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Kevin O'Neill - Ironman Part Deux Report

Roth - Ironman the Sequel
There can be few worse things than waking up at 3:00am for an Ironman.  However this year, I’ve discovered there is one thing worse – it’s waking up at 3:00am, getting down to the canal for swim start and having Celine Dion warbling at a decibel level that would make a departing Boeing 747 appear subdued.  That bloody song was stuck in my head for 5 hrs on the bike.  No human being should be subjected to such an ordeal.  Anyone in Guantanamo would have cracked way sooner if they’d simply played that song over & over again.  Who needs Water Boarding when you can have Celine Dion?
Anyhow, swim start for Roth is at the Main-Donau Canal a few miles from the small Bavarian town of Roth, which is pronounced ‘Rote’ we later discovered.  This year the Roth race was also playing host to the European Long Course Championships and I was ‘participating’!  My brother (Craig) and I had done a couple of scouting trips around the area to recce some of the bike course and swim start.  The scale of what confronted us at swim start was an indication this event was going to be something out of the ordinary.  And so it proved over & over again.
The pro’s in the final throws of their swim
Part of the appeal of Roth after Forestman last year was to experience a course on which both the male & female world records (7:41 for the boys and 8:18 for the girls) were set.  It also holds a reputation as one of the most atmospheric and best long distance races in the world – possibly only next to the legendary World Championship course at Kona in Hawaii.  I had my time goals for the race, some of which I’d shared and some of which I’d kept secret just in case I was humiliated due to my inability to meet them.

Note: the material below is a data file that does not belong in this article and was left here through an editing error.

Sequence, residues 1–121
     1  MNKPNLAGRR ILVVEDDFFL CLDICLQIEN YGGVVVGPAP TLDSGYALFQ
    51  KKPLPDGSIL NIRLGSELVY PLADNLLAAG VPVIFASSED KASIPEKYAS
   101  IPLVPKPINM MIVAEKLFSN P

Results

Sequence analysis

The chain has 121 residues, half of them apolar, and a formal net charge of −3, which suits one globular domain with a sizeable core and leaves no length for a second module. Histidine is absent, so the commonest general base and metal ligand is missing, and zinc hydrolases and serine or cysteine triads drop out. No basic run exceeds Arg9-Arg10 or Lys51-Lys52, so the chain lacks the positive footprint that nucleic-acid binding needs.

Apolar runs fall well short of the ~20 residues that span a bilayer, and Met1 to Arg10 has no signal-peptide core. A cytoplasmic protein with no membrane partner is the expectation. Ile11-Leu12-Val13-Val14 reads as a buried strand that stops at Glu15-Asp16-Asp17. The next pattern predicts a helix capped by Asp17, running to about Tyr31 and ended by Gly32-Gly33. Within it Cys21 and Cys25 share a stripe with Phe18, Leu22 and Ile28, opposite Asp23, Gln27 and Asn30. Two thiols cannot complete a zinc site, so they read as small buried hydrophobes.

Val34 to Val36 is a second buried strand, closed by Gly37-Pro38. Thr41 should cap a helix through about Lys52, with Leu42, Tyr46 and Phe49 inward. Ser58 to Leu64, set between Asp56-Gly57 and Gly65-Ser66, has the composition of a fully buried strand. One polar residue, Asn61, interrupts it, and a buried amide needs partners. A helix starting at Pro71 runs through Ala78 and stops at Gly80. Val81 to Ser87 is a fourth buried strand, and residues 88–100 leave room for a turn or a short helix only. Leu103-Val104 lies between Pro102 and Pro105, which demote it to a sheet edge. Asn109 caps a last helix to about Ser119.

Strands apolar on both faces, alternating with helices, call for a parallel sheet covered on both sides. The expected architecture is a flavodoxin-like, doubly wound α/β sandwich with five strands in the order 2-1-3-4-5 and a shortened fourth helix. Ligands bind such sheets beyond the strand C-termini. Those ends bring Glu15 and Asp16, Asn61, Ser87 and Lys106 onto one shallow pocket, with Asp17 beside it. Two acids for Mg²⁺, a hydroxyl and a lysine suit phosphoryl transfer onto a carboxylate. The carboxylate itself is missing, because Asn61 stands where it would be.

Except for some Achilles issues which stopped me run training properly for a couple of months (thanks to ‘Magic Hands’ Hard for his sterling efforts), training had largely gone well.  Not only did I manage to increase my run training overall, I’d managed to get to Majorca for some extended time in the saddle and amazingly I also made it to the pool on a number of occasions to actually swim. Though frankly I still regard swim training as only marginally more enjoyable than having finger nails removed by a panel of cruel Spanish Inquisitors.
At most races I’ve been to, Transition has been an eclectic collection of bikes.  A fair few high end TT bikes, some lower end TT’s, some adapted road bike, mountain bikes and once I even saw a bike with a shopping basket on it.  Here, it was simply loaded with high end TT bikes.  Suffice to say there were no shopping baskets on display and here’s what £10,000,000 of bikes looks like (there was another field next to it for the relay teams).

Where’s my bike Wally!
Swim (3.8km / 2.4m) – 1hr 14 mins
The crowd at swim start was immense and estimates suggested 20,000 people were there to kindly wave us off at dawn.  The swim for me was uneventful, thankfully, on the up & back 3.8km course.  The start was typically crazy and it took several hundred meters before it began to settle down.  I had my obligatory ‘panic’ moment after a few minutes, but with no thoughts of quitting this time.  It settled quickly and once I’d found some clear water I was able to get into my stroke at a comfortable rhythm and I came out of the water in an unremarkable 1:14 to head out on the fun part of the day.
Bike (180km / 112m) – 5 hr 16 mins
Given the world records were set here; I was expecting the 2 loop (2x90km) bike course to be pan flat.  It was anything but.  The tarmac was ultra smooth and puts our rough, pothole ridden road to complete shame.  It made the riding so much more enjoyable – and a little quicker.  So after disposing of my wetsuit I picked up my trusty TT bike and off I went.  I had a plan to ride at specific % of my FTP, but on reflection I was 20 watts below where I should have been.  Allegedly this is the optimum rate of effort you can ride at for 112 miles whilst minimising the potential of a run collapse in the marathon. The first half of the first lap of the ride was unremarkable, I settled into my zone, passing person after person making sure there was no drafting going on.  This was being picked up quite acutely by the race officials and people were being given an 8 min penalty, but in places it was almost impossible due to the density of the riders on the road, that being said there were some people there that were riding on a wheel as if their lives depended on it.